In 1920, almost all U.S. colleges had physical education requirements. By 1970, it was about 70 percent. In 2013, CPHHS kinesiology professor Brad Cardinal and his colleagues published a study that found that number had plummeted to about 40 percent.
Oregon State University is included in the 40 percent, requiring undergraduate students to take three fitness credits as part of its Baccalaureate Core curriculum. Students take Lifetime Fitness for Health (HHS 231) for two credits and choose from a variety of Physical Activity Courses (PAC) for one credit.
Brad says that OSU’s physical education requirements are fulfilling a critical education need and that they align with ideas stated in the original 1950 report by Harvard University’s committee on general education. The report says, “The school will be concerned with the health of its pupils, both physical and mental. The human body must be healthy, fit for work, able to carry out the purposes of the mind …”
“OSU’s combination of conceptual and skill-based courses is regarded as the most appropriate approach,” Brad says. “It blends the ‘why’ and the ‘how’ in an effort to maximize students’ immediate and long-term success and learning.”
There are nearly 250 PAC courses offered this fall, and about 18,000 students take a PAC class each year. With such a wide variety of classes to choose from – activities as diverse as bowling, surfing, billiards and fly fishing – there’s something for everyone.
“We have such a wide range of classes, it’s almost hard to list them all,” says PAC director Drew Ibarra.
“You can do dancing, sports, aquatics, fitness training, yoga, martial arts, rowing, even rock climbing. I encourage students to ask a fellow student what class they liked, or to try something new that they’re curious about.”
Drew says that he believes that OSU’s physical education requirement helps students’ physical and mental well-being.
“There are numerous studies pointing to the benefits of physical activity, including making good grades, reducing anxiety and depression, and developing character and identity,” he says.
“I think one of the most important contributions of the physical activity requirement is the ability to create social networks around healthy behaviors. We care less about what activity students choose and more about developing their personal identity around developing lifelong movement into their life.”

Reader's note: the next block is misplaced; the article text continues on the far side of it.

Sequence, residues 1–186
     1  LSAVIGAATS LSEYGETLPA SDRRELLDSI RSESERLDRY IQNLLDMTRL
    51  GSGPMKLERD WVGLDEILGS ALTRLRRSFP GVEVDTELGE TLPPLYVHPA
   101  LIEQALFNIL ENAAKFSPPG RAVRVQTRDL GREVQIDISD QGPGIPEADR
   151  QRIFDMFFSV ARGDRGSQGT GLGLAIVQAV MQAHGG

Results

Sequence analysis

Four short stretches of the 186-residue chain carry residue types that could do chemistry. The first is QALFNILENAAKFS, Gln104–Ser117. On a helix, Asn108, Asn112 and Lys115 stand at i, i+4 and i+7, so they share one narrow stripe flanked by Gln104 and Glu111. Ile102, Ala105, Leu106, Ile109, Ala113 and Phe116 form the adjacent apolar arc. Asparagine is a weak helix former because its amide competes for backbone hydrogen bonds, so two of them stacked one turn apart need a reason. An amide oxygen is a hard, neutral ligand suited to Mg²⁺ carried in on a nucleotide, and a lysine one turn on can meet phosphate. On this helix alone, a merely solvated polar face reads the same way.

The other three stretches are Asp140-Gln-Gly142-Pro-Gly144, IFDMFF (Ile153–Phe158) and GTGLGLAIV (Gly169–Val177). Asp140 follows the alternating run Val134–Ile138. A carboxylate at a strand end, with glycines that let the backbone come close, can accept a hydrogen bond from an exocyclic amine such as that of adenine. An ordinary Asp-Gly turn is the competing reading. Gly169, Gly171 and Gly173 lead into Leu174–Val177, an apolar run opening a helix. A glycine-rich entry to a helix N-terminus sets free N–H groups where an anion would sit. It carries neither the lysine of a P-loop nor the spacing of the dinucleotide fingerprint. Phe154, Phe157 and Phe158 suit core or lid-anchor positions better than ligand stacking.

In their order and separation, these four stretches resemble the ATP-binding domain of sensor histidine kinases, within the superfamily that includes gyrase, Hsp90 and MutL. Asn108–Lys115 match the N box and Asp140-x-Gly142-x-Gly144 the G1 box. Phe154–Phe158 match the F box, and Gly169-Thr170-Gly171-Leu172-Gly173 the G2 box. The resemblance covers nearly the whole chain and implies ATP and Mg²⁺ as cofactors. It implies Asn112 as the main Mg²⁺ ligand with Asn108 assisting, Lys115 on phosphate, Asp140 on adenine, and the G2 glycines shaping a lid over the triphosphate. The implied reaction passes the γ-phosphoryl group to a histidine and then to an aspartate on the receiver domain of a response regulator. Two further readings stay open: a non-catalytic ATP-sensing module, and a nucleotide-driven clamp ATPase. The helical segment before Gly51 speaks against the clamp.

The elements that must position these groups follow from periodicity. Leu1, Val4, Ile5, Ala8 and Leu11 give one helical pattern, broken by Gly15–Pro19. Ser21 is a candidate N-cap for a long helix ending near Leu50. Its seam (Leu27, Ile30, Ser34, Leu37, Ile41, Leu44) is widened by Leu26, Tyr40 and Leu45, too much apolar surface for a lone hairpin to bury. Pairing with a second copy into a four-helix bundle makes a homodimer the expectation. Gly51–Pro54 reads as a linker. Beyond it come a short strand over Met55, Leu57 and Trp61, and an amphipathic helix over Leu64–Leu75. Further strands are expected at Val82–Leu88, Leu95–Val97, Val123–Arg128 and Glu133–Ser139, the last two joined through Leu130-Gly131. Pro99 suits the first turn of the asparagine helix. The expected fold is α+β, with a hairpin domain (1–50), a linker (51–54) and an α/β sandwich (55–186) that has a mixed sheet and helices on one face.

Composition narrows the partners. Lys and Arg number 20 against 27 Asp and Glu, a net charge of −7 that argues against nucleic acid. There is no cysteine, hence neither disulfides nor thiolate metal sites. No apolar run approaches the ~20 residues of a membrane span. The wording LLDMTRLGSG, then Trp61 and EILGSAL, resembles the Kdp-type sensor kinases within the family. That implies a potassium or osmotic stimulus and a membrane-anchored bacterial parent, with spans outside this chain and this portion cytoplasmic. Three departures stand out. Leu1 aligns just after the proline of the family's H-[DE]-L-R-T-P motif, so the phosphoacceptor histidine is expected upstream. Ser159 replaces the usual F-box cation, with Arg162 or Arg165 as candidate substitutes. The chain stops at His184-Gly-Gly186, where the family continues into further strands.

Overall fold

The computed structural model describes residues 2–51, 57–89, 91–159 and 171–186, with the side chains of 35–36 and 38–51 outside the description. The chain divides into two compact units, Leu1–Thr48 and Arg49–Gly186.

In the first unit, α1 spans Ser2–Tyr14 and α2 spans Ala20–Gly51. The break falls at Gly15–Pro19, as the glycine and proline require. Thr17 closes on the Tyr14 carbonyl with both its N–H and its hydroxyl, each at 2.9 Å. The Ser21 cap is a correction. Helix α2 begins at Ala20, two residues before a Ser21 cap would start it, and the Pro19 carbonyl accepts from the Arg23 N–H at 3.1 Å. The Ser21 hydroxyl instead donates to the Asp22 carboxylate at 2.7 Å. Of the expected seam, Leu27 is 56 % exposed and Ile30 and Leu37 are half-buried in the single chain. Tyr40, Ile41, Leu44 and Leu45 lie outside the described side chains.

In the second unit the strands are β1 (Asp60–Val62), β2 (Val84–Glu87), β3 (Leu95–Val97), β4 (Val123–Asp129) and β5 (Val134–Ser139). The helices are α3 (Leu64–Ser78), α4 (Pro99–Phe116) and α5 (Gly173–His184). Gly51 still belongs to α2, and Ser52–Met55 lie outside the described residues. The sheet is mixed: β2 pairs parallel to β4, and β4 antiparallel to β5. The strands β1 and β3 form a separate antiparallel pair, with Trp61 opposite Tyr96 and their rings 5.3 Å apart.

In Lifetime Fitness for Health, students cover four main topic areas – physical activity promotion, nutrition education, health behavior change and mental well-being.
CPHHS clinical assistant professor Erica Woekel says that while these topics are covered in-depth, students also learn strategies to implement the knowledge. Developing these skills helps them put these important topics into practice.
“If you’re not physically or mentally healthy and well, you’re not going to be able to go to class, finish your degree, graduate and move into an occupation you enjoy,” she says. “This would definitely impact your quality of life, which is why this requirement is great because it’s modeling OSU’s focus and importance of creating a well-rounded person and graduate.”
Brad, who’s never missed a day of exercise since Oct. 1, 2009, says that students can continue their fitness habits after their college years with the proper mindset and simple routines.
For example, those who work a desk job may find it challenging to incorporate physical activity into their daily routine.
“Desk workers can try many different things,” Brad says. “Some set reminders to move about for three to five minutes every hour. Some are trying standing desks, standing on unstable surfaces, siting on physioballs instead of traditional chairs and even walking workstations.
Other things people might try include walking when running errands or communicating with a colleague instead of calling or emailing, riding a bicycle ergometer while waiting for photocopies and having walking meetings instead of sitting in an office or lab.”
Drew says that another major component of developing lifelong fitness habits is finding activities you enjoy.
“It’s less about the fitness component and more about continued participation in whatever physical activity brings you joy,” he says. “If fitness is your thing, that is great as it will bring great physiological health benefits. If your thing is outdoor recreation, researchers have found equally impressive health benefits from just being outside.”
When you boil it down, moving is the key component to any type of physical activity, and enjoyment makes it something you want to do, not have to do.
“My default is to choose to move,” Brad says. “I take pride in simple habits, such as taking the stairs instead of the elevator or escalator. My behavior might even influence others through the process of role modeling.
It’s imperative to seek out and take advantage of any and all physical activity opportunities that present themselves. As the expression goes, ‘If you don’t use it, you’ll lose it.’”